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Sundara Sastrial Vs. Govinda Mandaroyan - Court Judgment

LegalCrystal Citation
SubjectProperty
CourtChennai
Decided On
Judge
Reported in4Ind.Cas.619
AppellantSundara Sastrial
RespondentGovinda Mandaroyan
Excerpt:
adverse possession - party-wall--dispossession, acts which constitute--easement right. - .....subsequent documents under which the eastern house was transferred do not expressly mention the suit wall cannot be taken as any indication of the fact that the suit wall did not also pass under those documents, for, the first of these transfers was in execution of a court decree and the decree-holder presumably had no access to the title-deeds when describing the property. in 1868 when the wall was expressly conveyed the western house roof also rested on it. the wall was, therefore, conveyed subject to that easement right.3. the fact that the defendant may have plastered his side of the wall or repaired the wall itself does not affect the question of possession. such acts which can be referred to the easement right are not adverse to the existing title or rather are not acts of.....
Judgment:

1. The dispute relates to the possession of a boundary wall on which the rafters of both the adjoining houses rest. The District Munsif decreed for the plaintiff declaring his title to the wall and the strips of land in continuation thereof. The Subordinate Judge modified the decree by declaring the joint title of the plaintiff and the defendant to the suit property. We have no doubt that the decision of the Subordinate Judge is based on an erroneous view of the law.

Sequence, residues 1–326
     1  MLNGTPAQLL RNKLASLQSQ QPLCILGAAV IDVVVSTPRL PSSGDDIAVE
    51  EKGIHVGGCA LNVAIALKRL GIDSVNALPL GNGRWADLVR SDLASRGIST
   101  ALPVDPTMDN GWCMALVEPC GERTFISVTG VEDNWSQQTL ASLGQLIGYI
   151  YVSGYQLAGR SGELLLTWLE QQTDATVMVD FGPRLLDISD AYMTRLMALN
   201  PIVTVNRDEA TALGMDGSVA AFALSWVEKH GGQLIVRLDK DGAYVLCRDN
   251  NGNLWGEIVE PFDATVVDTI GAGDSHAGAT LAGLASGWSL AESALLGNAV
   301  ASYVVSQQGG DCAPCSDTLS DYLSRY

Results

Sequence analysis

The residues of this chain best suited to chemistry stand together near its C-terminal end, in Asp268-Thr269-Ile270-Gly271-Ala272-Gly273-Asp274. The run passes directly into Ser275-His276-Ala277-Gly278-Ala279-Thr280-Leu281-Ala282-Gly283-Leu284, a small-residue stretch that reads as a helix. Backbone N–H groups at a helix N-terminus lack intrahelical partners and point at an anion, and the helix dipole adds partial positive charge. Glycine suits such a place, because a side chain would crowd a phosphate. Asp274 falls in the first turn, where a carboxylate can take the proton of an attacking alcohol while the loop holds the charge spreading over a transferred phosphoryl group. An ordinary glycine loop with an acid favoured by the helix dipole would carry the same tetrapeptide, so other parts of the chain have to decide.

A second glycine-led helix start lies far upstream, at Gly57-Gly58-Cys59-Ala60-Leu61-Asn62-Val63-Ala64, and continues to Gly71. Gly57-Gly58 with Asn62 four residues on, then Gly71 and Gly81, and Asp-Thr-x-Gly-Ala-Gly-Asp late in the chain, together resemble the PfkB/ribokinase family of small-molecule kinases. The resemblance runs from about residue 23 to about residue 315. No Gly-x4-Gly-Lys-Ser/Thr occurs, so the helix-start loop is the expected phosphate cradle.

2. The two properties of the plaintiff and defendant, respectively, belonged formerly to a single owner who alienated the eastern portion in 1868 to the plaintiff's predecessor-in-title under Ex.--C and the western portion to the defendant's predecessor-in-title in 1871. Ex.--C shows that the plaint wall was expressly conveyed under it along with the eastern house. The mere fact that subsequent documents under which the eastern house was transferred do not expressly mention the suit wall cannot be taken as any indication of the fact that the suit wall did not also pass under those documents, for, the first of these transfers was in execution of a Court decree and the decree-holder presumably had no access to the title-deeds when describing the property. In 1868 when the wall was expressly conveyed the western house roof also rested on it. The wall was, therefore, conveyed subject to that easement right.

3. The fact that the defendant may have plastered his side of the wall or repaired the wall itself does not affect the question of possession. Such acts which can be referred to the easement right are not adverse to the existing title or rather are not acts of possession at all. To constitute a dispossession there must in every case be positive acts which can be referred only to the intention of acquiring exclusive control. See 'Possession in the Common Law,' Pollock and Wright, pages 85 and 86. The joint title decreed by the Subordinate Judge was not the case of either party. Possession in such a case is with him who has title.

4. The decree of the Subordinate Judge must be set aside and that of the District Munsif restored. The appellant will have his costs in this and the lower appellate Court.


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